You can make your own. It's not hard. But it's time consuming. And it's hard. Store bought is just fine. You can pick up the flat ones, or the ones with little ruffles. I like my dishes to look like a prom date, so ruffles it is. Don't go all Whole Foody and buy some wheat/soy concoction. If you have friends that require any kind of gluten free meals, you have the obligation to stop being their friend. Cause how else are they gonna learn? Now you're gonna read the package and the package is going to tell you that the noodles do not need to be precooked. This is a lie. Actually, it's not a lie, the moisture from the sauce is more than capable of cooking the noodles while it's in the oven, but there are two problems. One, noodles swell. Not a lot, but enough that A) it could push you finely crafted cheese over the edge and onto the bottom of your oven, and B) Enough that it makes the dish all about the noodle and not about the cheese. It should be all about the cheese.

But but but, you like the crunchy bits on the ends and corners. Of course you do, everyone does. That'll happen, but instead of being undercooked, the edgy bits will over cook, ooh boy, yum.

So for this recipe, break the noodles in half and boil them until they're soft-ish.

Shred a bunch of cheese until your wife looks over your shoulder and says that's way too much. Shred a little more out of spite.

Preheat your oven to 385.

The Assembly:
Okay . . .  gather your stuff and surround your pan. I like the cheese on the left, the sauce in the back and the noodles on the right. Ladle a thin layer of sauce on the bottom of the pan, sprinkle parmesan, and add a layer of noodles. Then sauce, parmesan, mozzarella, noodles . . . sauce, parmesan, mozzarella, noodles . . . sauce, parmesan, mozzarella and you're good to go.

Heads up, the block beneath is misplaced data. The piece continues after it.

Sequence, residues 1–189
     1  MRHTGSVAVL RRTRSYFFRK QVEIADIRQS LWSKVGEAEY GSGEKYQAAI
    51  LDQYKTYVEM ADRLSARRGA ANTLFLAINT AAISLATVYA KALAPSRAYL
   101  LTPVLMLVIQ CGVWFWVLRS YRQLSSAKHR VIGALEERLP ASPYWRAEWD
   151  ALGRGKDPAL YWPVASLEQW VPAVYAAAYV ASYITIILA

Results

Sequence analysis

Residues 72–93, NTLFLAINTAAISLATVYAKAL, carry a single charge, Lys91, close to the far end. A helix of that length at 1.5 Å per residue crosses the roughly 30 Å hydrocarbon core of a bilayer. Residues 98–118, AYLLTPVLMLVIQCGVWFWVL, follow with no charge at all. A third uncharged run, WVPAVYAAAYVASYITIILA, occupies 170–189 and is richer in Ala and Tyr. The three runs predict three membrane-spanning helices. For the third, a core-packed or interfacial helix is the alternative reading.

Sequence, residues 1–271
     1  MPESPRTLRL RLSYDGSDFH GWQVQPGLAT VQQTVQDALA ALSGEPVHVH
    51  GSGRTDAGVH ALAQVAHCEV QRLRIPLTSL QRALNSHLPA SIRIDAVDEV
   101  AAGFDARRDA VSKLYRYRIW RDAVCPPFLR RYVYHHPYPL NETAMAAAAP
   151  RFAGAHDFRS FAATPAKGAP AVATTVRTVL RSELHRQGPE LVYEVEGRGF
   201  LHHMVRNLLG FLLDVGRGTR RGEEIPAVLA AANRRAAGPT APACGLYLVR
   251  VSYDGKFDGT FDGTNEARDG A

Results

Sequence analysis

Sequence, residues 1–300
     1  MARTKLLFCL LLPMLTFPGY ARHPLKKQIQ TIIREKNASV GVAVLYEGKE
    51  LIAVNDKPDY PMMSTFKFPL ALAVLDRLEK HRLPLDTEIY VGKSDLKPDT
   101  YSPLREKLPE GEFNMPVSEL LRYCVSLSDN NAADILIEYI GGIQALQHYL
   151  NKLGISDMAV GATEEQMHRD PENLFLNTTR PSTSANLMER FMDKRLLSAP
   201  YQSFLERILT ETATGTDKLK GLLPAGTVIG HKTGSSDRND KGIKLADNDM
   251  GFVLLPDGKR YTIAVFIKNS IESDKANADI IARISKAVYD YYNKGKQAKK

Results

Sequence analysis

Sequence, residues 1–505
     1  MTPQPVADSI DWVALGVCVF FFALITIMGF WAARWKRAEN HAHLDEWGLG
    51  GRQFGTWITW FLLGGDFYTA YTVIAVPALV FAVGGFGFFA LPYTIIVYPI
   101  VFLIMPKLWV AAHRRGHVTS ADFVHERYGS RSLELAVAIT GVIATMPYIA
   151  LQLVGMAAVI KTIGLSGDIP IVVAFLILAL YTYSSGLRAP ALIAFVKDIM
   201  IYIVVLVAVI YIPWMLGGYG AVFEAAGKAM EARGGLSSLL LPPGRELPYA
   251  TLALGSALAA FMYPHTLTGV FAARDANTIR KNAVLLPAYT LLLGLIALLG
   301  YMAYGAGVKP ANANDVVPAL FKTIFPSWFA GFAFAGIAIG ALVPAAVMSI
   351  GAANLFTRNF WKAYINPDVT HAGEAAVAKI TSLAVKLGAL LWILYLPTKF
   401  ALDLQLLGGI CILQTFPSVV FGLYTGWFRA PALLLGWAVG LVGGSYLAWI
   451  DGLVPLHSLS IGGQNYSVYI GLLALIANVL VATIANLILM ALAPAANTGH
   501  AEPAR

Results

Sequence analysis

The last layer of cheese can be slices rather than shredded, gives it that authentic look. Doesn't matter, it all goes in and out of the same set of holes anyway.

Place the pan in the oven and cook for twenty minutes. Or until the cheese on top looks all golden brown.

Remove pan from oven with two oven mitts and a friend. It's hot and it's heavy. Awe yeah.

Let sit on counter for another ten minutes to cool.

Place in the center of the table and hand everyone a glass of wine and a fork.

If you like your sauce chunky, sauté the onions and carrots until they sweat then add the canned tomatoes and munch it up with a spatula. My favorite addition here is chopped bell pepper, but only a little, like a quarter of one, so good, but not everyone likes pepper. You can try fresh mozzarella if you like, but I find that to be all wet and tasteless rather than stringy and salty. I feel the same way about ricotta, but hey, if you want your lasagna bland and damp, feel free to go nuts. And just about any red-meat combination will do. You can even try some crumbled bacon bits, but caution, you should want your meals to be tasty and not necessarily orgasmic.

It's a lot of dish, so accompany it with a light salad, and something bready to scrub the plate clean of sauce.

Eat what you can and then stash the left-overs quickly before your guest hints that they might want to take some home. You're not running an Olive Garden.

Serves 4 (with leftovers)
Calories: Don't even ask
APGAR Score: 7
Immunization Records: On file.

No comments:

Post a Comment